In Matthew 26, Mary of Bethany is criticized for her lavish love gift of scented oil, poured out on Jesus’ feet.

“Why this waste?” they asked, with judgment oozing from every pore.

Little did they know that Jesus was going to view this apparent “waste” as precious, pronouncing that her act would go down in history as the right choice at the right time.

Sara’s mothering heart has found its home with six children, four of whom were adopted from Africa — and two who came to her naturally! Learning to mother children with needs bigger than she can fathom has deepened Sara’s dependency upon God and heightened her realization that the real need of her heart will be met, not by greater discipline, but in friendship with God. She encourages her readers to cultivate a lifestyle of beautiful waste, poured out in love and chasing the only thing worth being concerned about: God’s deep and abiding pleasure in you.

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This book was provided by Zondervan through the BookLookBloggers program in exchange for my review.  I am disclosing this in accordance with the Federal Trade Commission’s 16 CFR, Part 255 : “Guides Concerning the Use of Endorsements and Testimonials in Advertising.”

Additional resources

Read more of Sara’s journey at her website, where you will also find her blog and resources related to adoption and her books.

Jamie Ivey interviewed Sara on The Happy Hour podcast in which they chatted about the way God built Sara’s family and her fight to believe that God sees her, understands her, knows her, hasn’t forgotten her – and how that truth is better than being seen by anyone else.

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I link-up with a number of blogging  communities on a regular basis.  They are listed in the left sidebar by day of the week.  I hope that you will take a moment to enjoy reading the work of some of these fine writers and thinkers.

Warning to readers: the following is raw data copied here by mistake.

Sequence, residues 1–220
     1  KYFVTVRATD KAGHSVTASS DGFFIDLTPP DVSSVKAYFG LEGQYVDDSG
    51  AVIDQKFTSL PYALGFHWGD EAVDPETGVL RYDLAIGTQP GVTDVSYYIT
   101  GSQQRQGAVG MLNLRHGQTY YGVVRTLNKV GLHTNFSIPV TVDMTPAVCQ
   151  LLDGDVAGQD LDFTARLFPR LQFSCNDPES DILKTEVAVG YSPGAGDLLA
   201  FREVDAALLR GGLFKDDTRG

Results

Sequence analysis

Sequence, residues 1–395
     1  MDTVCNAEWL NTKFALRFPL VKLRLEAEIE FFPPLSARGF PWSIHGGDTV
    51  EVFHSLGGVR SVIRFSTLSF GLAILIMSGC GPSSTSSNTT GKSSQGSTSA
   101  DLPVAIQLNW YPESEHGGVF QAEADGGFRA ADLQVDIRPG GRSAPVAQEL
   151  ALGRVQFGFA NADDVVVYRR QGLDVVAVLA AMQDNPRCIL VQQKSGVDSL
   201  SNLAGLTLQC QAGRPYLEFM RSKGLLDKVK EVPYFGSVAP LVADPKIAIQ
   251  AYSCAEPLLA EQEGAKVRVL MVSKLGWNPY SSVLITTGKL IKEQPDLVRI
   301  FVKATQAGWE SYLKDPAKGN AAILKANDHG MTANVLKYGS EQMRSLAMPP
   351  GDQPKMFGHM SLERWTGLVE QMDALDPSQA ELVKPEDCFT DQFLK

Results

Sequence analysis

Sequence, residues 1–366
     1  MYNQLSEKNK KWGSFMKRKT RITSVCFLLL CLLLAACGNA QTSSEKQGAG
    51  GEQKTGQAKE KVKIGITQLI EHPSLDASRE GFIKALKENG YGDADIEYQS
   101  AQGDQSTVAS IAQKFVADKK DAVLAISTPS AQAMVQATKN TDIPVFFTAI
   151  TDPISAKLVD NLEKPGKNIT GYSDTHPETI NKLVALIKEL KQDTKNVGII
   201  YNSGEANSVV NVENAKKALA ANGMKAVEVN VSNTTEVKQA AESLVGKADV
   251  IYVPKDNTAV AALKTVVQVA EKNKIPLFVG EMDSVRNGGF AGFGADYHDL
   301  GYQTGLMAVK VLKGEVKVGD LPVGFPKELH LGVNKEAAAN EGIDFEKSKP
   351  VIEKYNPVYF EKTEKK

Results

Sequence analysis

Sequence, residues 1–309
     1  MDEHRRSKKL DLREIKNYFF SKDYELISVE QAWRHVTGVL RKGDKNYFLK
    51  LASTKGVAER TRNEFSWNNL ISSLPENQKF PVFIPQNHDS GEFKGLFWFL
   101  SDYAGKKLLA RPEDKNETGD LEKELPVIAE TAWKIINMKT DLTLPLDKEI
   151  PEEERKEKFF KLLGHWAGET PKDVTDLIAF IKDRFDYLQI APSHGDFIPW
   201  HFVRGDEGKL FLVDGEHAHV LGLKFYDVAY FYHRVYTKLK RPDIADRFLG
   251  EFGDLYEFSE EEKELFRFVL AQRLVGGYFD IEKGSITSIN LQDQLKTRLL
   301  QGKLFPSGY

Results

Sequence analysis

Remarkable Things Spoken

With a huge garden, an apple tree that produced two pies this fall, and a rainbow of full canning jars in my basement, it is quite possible that my life approximates Rachel Macy Stafford’s day dreams in the Home Depot outdoor garden section.

Or could it be that my brand of rural chaos demonstrates that her book, Hands Free Life, is helpful for anyone in any context who wants to begin noticing what is truly remarkable?  It’s for the woman who believes that “life is best lived with open hands, open eyes, and an open heart,” but nonetheless, struggles to embrace the sacred pauses; fails to stoop down and marvel at the color of a ripe tomato; and forgets to make time for looking straight into the eyes of a wild Morin boy before he explodes out the door into the woods in search of squirrels and adventure.

In a glorious follow-up to Hands Free Mama, Rachel, a former special-education teacher and mother of two, sets forth nine habits for overcoming distraction, living better, and loving more.  Four mournful words from Rachel’s husband changed her trajectory:

“You’re never happy anymore.”

Busy-ness, fretting over inconsequential details, and the ceaseless striving for perfection and productivity had stolen her joy and had led to a lifestyle of distraction and impatience.

Each of the nine chapters of Hands Free Life is a parfait of Rachel’s family life layered with principles that emerge in which she trumpets the breath-taking virtue of “keeping track of life” — cultivating a focus on what truly matters through the implementation of mindful strategies that curb distraction and perfectionism, of principles that promote balance:

  • Leave a legacy by grasping simple joys.
  • Fill the spaces by seeking two fully available moments each day.
  • Take the pressure off by accepting a less than perfect day.
Hands Free Life is an invitation to join Rachel in the joyful discovery that “a life well-lived [begins] with a minute, an hour, a single day well-lived.   As Annie Dillard so wisely observed:
“How we spend our days is, of course, how we spend our lives.”
Shall we begin filling our days and our hearts with the things that are remarkable so that when we open our mouths to speak, we will have words of consequence to say?

This book was provided by Zondervan through the BookLookBloggers program in exchange for my review.  I am disclosing this in accordance with the Federal Trade Commission’s 16 CFR, Part 255 : “Guides Concerning the Use of Endorsements and Testimonials in Advertising.”

Subscribe to get regular Bible studies and book reviews from Living Our Days delivered to your inbox.  Just enter your e-mail address in the box at the top of this page.